Today the Department of Defense announced that it will soon require all of its contractors to report any major cybersecurity breaches. And if your first question is, why in the hell didn’t they require that before?, that’s a great question.
Hillary Clinton initially brushed off critics of her decision to use a private email server by saying it was more convenient. But now her “convenience” is derailing her presidential campaign. Yesterday, the former Secretary of State and current Democratic frontrunner agreed to turn over her personal server to the…
Every day, you hear about security flaws, viruses, and evil hacker gangs that could leave you destitute — or, worse, bring your country to its knees. But what’s the truth about these digital dangers? We asked computer security experts to separate the myths from the facts. Here’s what they said.
Today at massive security tech conference RSA in San Francisco, U.S. Secretary of Homeland Security Jeh Johnson told a packed audience that DHS would be forging alliances with Silicon Valley. He described plans to build an office here, in order to work directly with tech companies on key issues for the DHS.
It’s tempting to view security breaches as the products of mastermind hackers, but a massive report released today reveals the sad reality. Most of the time, breaches are the result of people falling for plain old trick emails.
Security researchers just found a way to hack into specially secured computer systems by sending messages using blasts of air. This is another example of how even the most walled-off systems can still get hacked.
China is finally admitting what we've known for years: Yes, it has cyber warfare units, and plenty of them.
Premera Blue Cross, a health-insurance company with millions of patients in the US, has just admitted that 11 million of its customers have been victims of a wide-ranging data breach. Stolen data includes Social Security numbers, bank account information, and clinical records. Oh crap.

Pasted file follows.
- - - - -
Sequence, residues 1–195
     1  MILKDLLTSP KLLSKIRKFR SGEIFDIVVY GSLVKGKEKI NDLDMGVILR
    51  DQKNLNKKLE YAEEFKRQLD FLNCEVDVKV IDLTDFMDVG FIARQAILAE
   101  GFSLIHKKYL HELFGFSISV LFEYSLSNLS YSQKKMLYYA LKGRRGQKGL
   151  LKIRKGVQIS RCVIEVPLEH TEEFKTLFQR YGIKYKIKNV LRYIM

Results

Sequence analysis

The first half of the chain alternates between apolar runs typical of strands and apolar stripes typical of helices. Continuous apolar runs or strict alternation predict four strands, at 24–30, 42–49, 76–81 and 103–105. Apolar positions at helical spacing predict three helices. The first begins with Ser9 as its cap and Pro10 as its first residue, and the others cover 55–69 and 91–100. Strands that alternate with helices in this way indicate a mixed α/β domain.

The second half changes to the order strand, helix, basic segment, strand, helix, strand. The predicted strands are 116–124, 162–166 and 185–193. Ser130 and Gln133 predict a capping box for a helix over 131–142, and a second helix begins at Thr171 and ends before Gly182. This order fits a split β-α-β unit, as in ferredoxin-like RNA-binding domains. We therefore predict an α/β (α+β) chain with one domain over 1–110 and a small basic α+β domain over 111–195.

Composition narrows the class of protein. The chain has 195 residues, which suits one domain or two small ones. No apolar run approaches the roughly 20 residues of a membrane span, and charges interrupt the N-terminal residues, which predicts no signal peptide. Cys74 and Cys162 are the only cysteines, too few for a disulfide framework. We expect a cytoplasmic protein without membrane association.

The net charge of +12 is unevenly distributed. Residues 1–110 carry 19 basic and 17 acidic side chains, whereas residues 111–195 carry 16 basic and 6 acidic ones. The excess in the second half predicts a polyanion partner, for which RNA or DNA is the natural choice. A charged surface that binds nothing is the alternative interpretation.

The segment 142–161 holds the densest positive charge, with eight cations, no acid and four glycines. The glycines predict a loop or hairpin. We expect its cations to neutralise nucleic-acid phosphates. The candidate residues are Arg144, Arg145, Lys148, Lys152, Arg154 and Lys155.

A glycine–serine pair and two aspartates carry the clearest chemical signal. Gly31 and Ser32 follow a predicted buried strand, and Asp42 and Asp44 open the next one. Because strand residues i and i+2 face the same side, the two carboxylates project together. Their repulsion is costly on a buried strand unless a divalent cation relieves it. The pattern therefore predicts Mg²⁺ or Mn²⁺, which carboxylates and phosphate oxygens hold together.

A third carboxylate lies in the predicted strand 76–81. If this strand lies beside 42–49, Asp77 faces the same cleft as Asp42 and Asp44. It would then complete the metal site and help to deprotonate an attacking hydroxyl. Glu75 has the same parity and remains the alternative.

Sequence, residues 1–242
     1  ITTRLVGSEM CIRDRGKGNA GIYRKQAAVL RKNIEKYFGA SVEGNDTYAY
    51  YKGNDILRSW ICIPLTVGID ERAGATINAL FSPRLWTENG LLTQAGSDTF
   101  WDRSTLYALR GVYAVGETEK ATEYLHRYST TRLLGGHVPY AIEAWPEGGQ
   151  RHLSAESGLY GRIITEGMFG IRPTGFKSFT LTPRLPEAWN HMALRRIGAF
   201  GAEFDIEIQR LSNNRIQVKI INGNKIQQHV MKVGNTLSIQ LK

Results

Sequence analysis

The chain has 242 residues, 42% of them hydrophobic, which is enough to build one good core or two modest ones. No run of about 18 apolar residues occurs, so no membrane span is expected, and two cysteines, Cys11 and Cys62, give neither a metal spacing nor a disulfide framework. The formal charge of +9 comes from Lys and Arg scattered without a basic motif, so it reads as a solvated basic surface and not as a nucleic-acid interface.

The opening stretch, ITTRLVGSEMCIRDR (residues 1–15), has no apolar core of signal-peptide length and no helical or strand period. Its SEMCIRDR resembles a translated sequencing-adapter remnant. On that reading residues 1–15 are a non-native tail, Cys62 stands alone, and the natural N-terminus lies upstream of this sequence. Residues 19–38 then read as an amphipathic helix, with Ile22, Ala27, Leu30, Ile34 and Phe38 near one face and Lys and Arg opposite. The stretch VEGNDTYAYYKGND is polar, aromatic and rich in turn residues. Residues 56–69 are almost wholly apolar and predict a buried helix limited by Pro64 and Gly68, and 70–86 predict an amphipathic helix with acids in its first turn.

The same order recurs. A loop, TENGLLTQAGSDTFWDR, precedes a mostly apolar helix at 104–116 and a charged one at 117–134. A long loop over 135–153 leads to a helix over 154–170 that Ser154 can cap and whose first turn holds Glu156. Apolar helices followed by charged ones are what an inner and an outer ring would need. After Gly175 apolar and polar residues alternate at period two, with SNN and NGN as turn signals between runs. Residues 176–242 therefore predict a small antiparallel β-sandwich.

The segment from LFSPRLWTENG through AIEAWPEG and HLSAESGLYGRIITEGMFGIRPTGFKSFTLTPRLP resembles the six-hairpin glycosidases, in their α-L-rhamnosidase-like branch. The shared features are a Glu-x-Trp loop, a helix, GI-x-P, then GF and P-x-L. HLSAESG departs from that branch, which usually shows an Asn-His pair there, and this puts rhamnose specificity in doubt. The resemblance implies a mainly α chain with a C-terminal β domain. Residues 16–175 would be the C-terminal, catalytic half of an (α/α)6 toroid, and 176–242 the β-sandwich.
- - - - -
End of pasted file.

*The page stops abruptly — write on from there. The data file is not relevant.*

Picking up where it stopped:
Today from 1:30-2:30 eastern time, Bruce Schneier is here to answer your questions about surveillance, infosec, and private data. He's the author of Data and Goliath: The Hidden Battles to Collect Your Data and Control Your World (read an excerpt).
A group of computer scientists have revealed a dangerous security flaw that could open up many phones and other machines to attack. The worst part is that the problem has its roots in a misguided U.S. government effort to prevent consumers from having access to strong encryption.
On Wednesday evening, the news began to break on Twitter. Computer security analysts had discovered something nefarious about a piece of advertising software called Superfish, which comes pre-installed on cheap Lenovo laptops like the Yoga 2. Superfish was leaving the laptops wide open to takeover by malicious…
Usually when you hear "sex" and "Trojan" in the same sentence, it means someone's being safe. Not so much in the most recent jack-off site hijacking: People checking out RedTube, one of the most popular porn sites, are in danger of identity theft. Hackers have infected the site's source code to redirect to malware…
So Shellshock is the newest vulnerability that may "break the internet." The last time they said that, it was about Heartbleed. Do I really need to be worried about all these bugs and vulnerabilities, or is this stuff tech companies need to care about? Can someone actually use these against me?
Oh, it is ON between Google and Microsoft. A Google security engineer in Switzerland warned Microsoft of a vulnerability in Windows XP, but after they didn't fix it within five days, he went public with the hacker's wet dream.
Microsoft really didn't like that a Google employee went public, telling the world the big G is swapping employees' computers from Windows to Chrome, OS X and Linux. They've responded in a particularly sarky way, calling it "ironic":